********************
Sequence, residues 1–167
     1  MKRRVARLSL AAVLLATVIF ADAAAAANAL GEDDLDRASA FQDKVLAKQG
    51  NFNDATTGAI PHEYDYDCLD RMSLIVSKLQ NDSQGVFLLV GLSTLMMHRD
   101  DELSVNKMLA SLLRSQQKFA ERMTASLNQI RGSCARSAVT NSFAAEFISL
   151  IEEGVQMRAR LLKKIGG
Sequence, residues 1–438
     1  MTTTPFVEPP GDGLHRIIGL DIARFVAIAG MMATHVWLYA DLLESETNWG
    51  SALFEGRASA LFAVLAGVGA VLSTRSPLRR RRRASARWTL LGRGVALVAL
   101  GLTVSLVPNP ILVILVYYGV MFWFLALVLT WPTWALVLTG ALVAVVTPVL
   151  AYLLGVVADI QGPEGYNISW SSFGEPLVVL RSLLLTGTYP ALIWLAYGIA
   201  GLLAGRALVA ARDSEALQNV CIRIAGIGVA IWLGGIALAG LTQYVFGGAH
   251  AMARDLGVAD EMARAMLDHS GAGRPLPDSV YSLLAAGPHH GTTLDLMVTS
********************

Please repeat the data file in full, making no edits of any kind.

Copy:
Sequence, residues 1–167
     1  MKRRVARLSL AAVLLATVIF ADAAAAANAL GEDDLDRASA FQDKVLAKQG
    51  NFNDATTGAI PHEYDYDCLD RMSLIVSKLQ NDSQGVFLLV GLSTLMMHRD
   101  DELSVNKMLA SLLRSQQKFA ERMTASLNQI RGSCARSAVT NSFAAEFISL
   151  IEEGVQMRAR LLKKIGG
Sequence, residues 1–438
     1  MTTTPFVEPP GDGLHRIIGL DIARFVAIAG MMATHVWLYA DLLESETNWG
    51  SALFEGRASA LFAVLAGVGA VLSTRSPLRR RRRASARWTL LGRGVALVAL
   101  GLTVSLVPNP ILVILVYYGV MFWFLALVLT WPTWALVLTG ALVAVVTPVL
   151  AYLLGVVADI QGPEGYNISW SSFGEPLVVL RSLLLTGTYP ALIWLAYGIA
   201  GLLAGRALVA ARDSEALQNV CIRIAGIGVA IWLGGIALAG LTQYVFGGAH
   251  AMARDLGVAD EMARAMLDHS GAGRPLPDSV YSLLAAGPHH GTTLDLMVTS